The CBI warns that the UK is likely to experience slow growth in 2011-2012 but says neither firms nor employees should be overly-pessimistic
CBI director-general John Cridland and chief economic advisor Ian McCafferty spoke to journalists at a press conference on Friday last week, giving a detailed economic forecast and explaining the CBI’s opinion on how best to move the economy forwards to pre-recession growth.
Despite the Japanese tsunami’s global impact on automotive supply chains, the spiralling US public debt and current unease over the rate of inflation in China, the CBI maintains its prediction that the economy will grow by 1.3% this years – down from its prediction of 1.7% made in May. Individuals inside the organisation predict that there will be GDP growth of 2.2% in 2012 – unchanged from the May forecast.
According to a recent CBI report on industrial trends, many in the manufacturing sector have lost confidence in their markets and are reappraising business plans; reducing workforce size and scrapping plans for investment.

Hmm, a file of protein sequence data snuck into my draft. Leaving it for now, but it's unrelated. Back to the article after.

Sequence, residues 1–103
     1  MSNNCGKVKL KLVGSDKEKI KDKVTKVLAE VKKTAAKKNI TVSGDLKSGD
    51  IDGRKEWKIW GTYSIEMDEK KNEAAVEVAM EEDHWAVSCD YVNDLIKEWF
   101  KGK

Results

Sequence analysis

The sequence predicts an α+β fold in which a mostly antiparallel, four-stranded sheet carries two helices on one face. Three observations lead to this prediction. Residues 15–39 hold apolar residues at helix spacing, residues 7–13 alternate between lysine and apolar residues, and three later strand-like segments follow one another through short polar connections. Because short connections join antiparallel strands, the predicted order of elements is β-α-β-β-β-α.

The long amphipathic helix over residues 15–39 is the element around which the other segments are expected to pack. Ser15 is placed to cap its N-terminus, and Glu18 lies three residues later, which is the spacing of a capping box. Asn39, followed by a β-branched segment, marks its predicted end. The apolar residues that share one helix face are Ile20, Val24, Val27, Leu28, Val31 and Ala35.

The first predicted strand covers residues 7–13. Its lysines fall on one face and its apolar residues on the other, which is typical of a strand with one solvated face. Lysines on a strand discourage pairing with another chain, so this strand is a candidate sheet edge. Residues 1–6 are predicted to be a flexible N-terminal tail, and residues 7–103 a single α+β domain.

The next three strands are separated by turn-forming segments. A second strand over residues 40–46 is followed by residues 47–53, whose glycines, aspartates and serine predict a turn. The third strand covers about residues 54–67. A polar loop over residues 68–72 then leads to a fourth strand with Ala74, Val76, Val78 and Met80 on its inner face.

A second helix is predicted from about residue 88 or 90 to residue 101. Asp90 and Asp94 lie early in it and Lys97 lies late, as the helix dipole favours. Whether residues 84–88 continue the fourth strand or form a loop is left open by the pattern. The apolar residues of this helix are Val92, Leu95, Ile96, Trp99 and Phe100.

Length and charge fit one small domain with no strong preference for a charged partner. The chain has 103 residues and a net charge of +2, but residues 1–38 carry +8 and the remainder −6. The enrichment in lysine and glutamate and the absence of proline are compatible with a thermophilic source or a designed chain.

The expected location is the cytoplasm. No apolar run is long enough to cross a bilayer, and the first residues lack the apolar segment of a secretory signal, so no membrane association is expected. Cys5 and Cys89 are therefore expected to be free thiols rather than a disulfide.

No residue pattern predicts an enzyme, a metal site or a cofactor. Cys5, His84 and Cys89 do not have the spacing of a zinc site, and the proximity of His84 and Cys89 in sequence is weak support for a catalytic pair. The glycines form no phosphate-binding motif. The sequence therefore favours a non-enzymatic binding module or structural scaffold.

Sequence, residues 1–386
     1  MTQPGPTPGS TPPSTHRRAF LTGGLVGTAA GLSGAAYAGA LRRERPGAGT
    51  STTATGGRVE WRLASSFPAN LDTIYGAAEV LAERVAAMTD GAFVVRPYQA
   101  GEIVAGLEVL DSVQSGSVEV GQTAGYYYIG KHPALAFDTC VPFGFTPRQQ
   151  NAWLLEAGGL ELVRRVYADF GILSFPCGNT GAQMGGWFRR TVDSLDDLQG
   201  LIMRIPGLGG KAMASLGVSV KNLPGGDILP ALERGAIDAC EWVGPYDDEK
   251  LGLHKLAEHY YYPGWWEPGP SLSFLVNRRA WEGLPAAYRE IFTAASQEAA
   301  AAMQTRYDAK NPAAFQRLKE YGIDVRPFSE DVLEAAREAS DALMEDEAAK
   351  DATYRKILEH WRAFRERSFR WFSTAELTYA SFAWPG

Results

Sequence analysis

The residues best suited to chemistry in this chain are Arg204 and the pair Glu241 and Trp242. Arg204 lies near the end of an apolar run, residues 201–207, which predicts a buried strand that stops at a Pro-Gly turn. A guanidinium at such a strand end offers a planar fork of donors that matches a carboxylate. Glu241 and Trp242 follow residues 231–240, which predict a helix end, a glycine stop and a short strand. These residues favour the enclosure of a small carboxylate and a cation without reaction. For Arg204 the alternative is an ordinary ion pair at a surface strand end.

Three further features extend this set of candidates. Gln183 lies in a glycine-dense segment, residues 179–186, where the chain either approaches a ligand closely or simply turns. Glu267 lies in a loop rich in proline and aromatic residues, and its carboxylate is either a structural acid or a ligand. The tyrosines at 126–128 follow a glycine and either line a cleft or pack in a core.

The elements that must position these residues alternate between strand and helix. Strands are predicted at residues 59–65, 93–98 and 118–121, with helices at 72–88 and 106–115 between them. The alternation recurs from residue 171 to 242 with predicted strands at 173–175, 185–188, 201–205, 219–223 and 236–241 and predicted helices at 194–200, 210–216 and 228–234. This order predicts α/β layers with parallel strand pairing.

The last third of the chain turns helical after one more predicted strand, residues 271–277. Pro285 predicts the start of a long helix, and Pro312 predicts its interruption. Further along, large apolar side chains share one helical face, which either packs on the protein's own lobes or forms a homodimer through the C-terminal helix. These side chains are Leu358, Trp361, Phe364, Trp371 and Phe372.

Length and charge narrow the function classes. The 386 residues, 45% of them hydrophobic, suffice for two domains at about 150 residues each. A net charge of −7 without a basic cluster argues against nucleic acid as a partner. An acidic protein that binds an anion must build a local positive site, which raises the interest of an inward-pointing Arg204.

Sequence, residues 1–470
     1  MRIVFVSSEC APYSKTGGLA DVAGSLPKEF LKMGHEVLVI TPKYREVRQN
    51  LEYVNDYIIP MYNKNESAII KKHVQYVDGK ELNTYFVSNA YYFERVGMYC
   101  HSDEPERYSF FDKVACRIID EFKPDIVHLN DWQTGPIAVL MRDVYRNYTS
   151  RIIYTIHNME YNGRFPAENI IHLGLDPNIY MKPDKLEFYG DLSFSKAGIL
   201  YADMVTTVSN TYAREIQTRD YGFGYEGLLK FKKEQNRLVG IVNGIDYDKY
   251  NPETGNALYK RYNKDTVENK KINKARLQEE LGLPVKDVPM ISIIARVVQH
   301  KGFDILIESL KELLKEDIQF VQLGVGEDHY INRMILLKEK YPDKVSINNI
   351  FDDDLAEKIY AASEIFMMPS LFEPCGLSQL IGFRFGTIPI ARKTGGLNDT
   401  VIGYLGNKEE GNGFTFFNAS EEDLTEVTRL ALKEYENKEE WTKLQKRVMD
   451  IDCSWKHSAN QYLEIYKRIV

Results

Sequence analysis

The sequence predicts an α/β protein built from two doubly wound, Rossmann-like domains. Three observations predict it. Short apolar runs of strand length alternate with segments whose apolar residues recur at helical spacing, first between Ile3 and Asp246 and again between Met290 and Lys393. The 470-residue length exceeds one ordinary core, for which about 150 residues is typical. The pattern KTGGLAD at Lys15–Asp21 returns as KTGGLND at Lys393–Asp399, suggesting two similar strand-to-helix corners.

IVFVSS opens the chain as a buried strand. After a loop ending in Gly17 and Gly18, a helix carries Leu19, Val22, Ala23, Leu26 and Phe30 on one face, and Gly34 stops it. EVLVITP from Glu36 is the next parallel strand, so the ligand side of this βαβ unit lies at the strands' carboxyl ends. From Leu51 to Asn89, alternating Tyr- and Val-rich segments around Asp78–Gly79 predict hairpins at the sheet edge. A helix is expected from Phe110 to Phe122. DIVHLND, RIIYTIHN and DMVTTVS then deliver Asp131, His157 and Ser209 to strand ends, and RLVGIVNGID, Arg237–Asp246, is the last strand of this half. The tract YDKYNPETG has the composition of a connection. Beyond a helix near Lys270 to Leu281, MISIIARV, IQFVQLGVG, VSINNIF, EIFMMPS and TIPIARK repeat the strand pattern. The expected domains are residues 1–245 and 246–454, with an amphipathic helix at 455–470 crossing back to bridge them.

Cridland explained his view that among all the recent events, the one that causes him real concern is the turbulence in the Eurozone economy. “We’re starting to see supply chains recover in the wake of the Tsunami – the one to watch is the current trouble in the Eurozone,” he said.
Speaking more generally of the sluggish economic conditions Cridland continued,“It may be a lacklustre recovery, but with solid net trade contributions and the positive impact of business investment, the UK will remain on a solid track growth,” he added.
The CBI expects exports to play a large role in boosting the economy on the road to recovery, and it also expects reliance on imports to gradually decrease.
Putting his organisation’s predictions into context for British households and British workers Mr McCafferty warned: “Economic conditions will be very tough for the rest of this year as household budgets continue to be squeezed by a combination of inflation and weak wage growth. But conditions will be a little brighter in 2012 as inflation eases back and take-home pay improves.”